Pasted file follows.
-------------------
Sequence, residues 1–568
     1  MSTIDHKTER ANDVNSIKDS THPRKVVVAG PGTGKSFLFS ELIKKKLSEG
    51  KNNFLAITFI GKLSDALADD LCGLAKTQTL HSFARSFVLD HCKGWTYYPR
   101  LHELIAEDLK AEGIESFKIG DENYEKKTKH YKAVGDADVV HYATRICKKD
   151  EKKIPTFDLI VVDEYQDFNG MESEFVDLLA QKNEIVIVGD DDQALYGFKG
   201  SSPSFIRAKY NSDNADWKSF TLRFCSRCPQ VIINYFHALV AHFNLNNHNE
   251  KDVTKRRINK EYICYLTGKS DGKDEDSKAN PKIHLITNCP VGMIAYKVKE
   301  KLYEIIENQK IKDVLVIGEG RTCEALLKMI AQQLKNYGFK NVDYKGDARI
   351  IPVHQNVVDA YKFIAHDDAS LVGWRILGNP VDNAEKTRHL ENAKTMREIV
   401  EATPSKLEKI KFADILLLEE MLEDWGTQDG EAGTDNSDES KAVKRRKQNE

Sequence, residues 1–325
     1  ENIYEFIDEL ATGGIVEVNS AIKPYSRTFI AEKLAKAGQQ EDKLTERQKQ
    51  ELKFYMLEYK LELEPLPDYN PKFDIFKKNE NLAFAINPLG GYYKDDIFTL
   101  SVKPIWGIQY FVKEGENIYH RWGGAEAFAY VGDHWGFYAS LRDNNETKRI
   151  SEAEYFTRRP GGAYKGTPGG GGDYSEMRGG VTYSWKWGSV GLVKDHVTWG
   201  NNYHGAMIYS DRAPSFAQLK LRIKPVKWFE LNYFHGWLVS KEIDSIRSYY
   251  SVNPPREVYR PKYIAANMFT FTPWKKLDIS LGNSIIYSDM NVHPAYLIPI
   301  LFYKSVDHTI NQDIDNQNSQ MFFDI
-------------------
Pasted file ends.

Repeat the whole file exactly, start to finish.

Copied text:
Sequence, residues 1–568
     1  MSTIDHKTER ANDVNSIKDS THPRKVVVAG PGTGKSFLFS ELIKKKLSEG
    51  KNNFLAITFI GKLSDALADD LCGLAKTQTL HSFARSFVLD HCKGWTYYPR
   101  LHELIAEDLK AEGIESFKIG DENYEKKTKH YKAVGDADVV HYATRICKKD
   151  EKKIPTFDLI VVDEYQDFNG MESEFVDLLA QKNEIVIVGD DDQALYGFKG
   201  SSPSFIRAKY NSDNADWKSF TLRFCSRCPQ VIINYFHALV AHFNLNNHNE
   251  KDVTKRRINK EYICYLTGKS DGKDEDSKAN PKIHLITNCP VGMIAYKVKE
   301  KLYEIIENQK IKDVLVIGEG RTCEALLKMI AQQLKNYGFK NVDYKGDARI
   351  IPVHQNVVDA YKFIAHDDAS LVGWRILGNP VDNAEKTRHL ENAKTMREIV
   401  EATPSKLEKI KFADILLLEE MLEDWGTQDG EAGTDNSDES KAVKRRKQNE

Sequence, residues 1–325
     1  ENIYEFIDEL ATGGIVEVNS AIKPYSRTFI AEKLAKAGQQ EDKLTERQKQ
    51  ELKFYMLEYK LELEPLPDYN PKFDIFKKNE NLAFAINPLG GYYKDDIFTL
   101  SVKPIWGIQY FVKEGENIYH RWGGAEAFAY VGDHWGFYAS LRDNNETKRI
   151  SEAEYFTRRP GGAYKGTPGG GGDYSEMRGG VTYSWKWGSV GLVKDHVTWG
   201  NNYHGAMIYS DRAPSFAQLK LRIKPVKWFE LNYFHGWLVS KEIDSIRSYY
   251  SVNPPREVYR PKYIAANMFT FTPWKKLDIS LGNSIIYSDM NVHPAYLIPI
   301  LFYKSVDHTI NQDIDNQNSQ MFFDI